Now that Republicans have control of the U.S. House of Representatives and greater numbers in the U.S. Senate, they're ready to make good on campaign promises to cut spending.
Continuing with their mission to work in favor of the American people, Republicans began day two of the 112th Congress by executing the first-ever reading of the U.S. Constitution on the House floor.
Both GOP and Democratic lawmaker participated, even through a brief interruption by someone in the public gallery who shouted that President Barack Obama wasn't born in the United States.
House Speaker John Boehner, R-Ohio, then followed with an outline of his party's plans -- starting with spending cuts.
"We will start by cutting Congress's own budget," Boehner said.
The new speaker promised to call weekly votes on spending cuts. Individual states, which have been major beneficiaries of Washington, D.C., spending lately, are sure to feel the federal fiscal pinch.
By the end of June, some states will have received about $165 billion in aid from the federal government, but that's only served as a band-aid. Some states and cities have nearly $3 trillion in outstanding bonds and more than a $3.5 trillion gap in their pension plans.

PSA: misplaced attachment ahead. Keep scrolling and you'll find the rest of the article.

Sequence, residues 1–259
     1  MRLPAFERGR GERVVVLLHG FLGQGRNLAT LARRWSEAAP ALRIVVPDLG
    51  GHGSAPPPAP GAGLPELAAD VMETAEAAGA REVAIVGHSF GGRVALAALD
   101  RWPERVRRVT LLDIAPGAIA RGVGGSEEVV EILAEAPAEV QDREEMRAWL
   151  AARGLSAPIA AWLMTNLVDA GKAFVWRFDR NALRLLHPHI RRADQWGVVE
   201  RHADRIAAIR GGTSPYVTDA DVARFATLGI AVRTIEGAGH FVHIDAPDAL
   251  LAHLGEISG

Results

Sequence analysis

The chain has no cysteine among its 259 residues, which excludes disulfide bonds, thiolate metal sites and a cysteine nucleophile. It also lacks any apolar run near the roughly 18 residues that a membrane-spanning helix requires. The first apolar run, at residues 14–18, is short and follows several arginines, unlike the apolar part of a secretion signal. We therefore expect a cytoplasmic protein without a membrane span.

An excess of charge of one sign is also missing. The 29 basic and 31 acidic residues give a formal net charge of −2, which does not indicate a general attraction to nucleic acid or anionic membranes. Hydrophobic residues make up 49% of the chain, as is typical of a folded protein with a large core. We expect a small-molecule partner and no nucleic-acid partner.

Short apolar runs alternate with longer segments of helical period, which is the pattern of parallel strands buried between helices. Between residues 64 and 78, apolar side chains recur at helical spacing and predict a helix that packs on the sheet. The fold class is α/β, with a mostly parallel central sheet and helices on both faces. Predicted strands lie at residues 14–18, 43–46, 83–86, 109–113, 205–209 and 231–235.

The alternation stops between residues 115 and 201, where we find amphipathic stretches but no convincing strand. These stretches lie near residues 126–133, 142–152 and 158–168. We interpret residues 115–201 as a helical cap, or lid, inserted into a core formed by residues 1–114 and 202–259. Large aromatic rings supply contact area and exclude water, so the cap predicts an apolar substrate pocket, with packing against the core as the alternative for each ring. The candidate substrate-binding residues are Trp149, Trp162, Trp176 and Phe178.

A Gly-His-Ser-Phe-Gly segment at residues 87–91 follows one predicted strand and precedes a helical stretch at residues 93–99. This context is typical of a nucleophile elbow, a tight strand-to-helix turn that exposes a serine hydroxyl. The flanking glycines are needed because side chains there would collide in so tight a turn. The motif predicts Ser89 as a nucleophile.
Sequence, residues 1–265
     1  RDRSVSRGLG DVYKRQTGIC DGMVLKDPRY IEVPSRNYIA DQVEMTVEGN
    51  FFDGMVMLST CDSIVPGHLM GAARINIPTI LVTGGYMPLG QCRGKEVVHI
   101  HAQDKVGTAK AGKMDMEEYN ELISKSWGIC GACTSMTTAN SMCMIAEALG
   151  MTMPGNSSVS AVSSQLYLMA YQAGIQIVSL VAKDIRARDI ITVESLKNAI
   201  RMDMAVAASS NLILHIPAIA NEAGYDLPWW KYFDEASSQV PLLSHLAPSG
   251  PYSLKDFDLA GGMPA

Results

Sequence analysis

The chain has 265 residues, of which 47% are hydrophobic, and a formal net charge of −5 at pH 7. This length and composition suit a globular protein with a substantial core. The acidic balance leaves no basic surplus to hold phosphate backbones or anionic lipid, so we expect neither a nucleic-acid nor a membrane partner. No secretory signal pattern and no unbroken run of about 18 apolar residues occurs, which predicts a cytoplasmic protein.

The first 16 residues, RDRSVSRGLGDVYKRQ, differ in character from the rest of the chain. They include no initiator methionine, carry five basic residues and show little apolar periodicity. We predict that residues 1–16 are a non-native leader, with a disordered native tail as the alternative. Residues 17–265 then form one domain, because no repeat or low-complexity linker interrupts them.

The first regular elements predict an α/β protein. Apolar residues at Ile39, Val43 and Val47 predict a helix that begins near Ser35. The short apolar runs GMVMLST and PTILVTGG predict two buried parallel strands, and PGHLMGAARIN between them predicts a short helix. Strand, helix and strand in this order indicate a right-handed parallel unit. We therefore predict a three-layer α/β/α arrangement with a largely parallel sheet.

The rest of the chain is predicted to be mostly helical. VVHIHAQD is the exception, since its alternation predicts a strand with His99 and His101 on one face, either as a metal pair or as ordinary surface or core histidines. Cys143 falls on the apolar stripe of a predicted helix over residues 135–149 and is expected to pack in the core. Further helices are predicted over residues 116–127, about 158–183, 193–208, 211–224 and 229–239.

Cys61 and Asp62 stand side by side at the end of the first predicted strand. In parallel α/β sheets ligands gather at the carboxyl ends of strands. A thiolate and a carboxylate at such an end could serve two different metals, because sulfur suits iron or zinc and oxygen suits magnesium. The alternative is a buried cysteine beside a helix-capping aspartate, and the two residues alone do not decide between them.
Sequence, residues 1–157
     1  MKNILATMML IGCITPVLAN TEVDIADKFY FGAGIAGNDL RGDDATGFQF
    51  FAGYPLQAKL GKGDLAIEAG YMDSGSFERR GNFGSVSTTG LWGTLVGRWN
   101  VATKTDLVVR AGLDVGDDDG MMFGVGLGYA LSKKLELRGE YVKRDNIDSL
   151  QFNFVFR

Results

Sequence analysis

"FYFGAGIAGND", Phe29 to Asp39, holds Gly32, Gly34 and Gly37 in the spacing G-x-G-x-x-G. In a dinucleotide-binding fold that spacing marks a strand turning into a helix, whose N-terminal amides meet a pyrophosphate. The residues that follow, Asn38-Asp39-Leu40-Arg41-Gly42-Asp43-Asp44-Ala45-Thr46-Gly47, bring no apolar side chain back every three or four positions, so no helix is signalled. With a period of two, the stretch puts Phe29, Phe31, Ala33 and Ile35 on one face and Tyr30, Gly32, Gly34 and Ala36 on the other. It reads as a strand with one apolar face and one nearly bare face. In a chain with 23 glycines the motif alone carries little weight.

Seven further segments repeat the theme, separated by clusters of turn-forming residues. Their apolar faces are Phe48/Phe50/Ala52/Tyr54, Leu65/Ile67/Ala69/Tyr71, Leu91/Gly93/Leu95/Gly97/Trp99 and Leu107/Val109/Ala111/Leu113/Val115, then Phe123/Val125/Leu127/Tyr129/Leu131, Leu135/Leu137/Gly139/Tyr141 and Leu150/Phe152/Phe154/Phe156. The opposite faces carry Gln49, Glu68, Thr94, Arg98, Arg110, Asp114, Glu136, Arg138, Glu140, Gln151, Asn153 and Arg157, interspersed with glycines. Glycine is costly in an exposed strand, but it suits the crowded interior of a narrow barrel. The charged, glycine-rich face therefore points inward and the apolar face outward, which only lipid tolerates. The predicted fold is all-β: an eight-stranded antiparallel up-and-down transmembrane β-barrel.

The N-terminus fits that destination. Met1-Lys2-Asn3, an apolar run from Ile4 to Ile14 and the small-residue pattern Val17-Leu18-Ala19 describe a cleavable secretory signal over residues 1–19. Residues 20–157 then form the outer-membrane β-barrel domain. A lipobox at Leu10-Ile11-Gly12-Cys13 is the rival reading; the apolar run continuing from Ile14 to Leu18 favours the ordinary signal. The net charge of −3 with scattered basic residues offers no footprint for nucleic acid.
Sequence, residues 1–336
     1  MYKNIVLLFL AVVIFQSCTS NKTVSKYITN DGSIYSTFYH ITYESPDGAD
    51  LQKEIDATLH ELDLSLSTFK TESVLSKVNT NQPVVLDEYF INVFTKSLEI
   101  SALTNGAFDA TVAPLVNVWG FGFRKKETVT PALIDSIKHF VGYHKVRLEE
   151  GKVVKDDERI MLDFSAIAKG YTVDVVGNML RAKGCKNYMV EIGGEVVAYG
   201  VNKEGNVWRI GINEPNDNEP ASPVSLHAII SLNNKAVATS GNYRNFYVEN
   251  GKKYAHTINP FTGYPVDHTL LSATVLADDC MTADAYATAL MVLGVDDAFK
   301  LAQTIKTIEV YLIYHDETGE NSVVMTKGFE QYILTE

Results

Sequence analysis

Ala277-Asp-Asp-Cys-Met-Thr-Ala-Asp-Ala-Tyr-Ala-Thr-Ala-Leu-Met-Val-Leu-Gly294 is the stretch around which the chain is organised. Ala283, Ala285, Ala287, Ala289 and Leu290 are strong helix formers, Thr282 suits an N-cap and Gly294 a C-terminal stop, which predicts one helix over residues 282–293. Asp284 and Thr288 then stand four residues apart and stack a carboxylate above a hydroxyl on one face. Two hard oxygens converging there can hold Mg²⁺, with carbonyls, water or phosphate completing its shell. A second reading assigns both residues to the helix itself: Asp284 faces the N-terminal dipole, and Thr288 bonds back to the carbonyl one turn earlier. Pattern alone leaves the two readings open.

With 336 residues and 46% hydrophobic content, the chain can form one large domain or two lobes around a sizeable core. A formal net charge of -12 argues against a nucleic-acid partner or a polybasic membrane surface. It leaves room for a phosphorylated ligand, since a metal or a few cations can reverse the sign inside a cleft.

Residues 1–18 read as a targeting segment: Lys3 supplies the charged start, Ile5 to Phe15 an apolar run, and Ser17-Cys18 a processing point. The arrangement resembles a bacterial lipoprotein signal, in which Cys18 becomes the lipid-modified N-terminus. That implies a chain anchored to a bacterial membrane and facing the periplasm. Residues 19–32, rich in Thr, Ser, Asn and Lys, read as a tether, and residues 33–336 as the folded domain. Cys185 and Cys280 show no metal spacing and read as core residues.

"There are a lot of states that have some significant problems in both pension, unfunded liabilities and also the current budget deficits," Gov. Bob McDonnell, R-Va., said. "But I think it would be a terrible mistake for the federal government to start a bailout program for individual states."
McDonnell doesn't deny stimulus dollars helped his state with programs like Medicaid and even core services like education. But he said he thinks federal handouts take taxpayers down a perilous road.
"If you start down this road and every time the state's got problems, there is some federal bailout we're done as a country because there's not going to ever be enough money to make that system work," McDonnell added.
Many states have been spending beyond their means for decades. Like the new leadership in Congress, they'll have to get used to tightening their belts.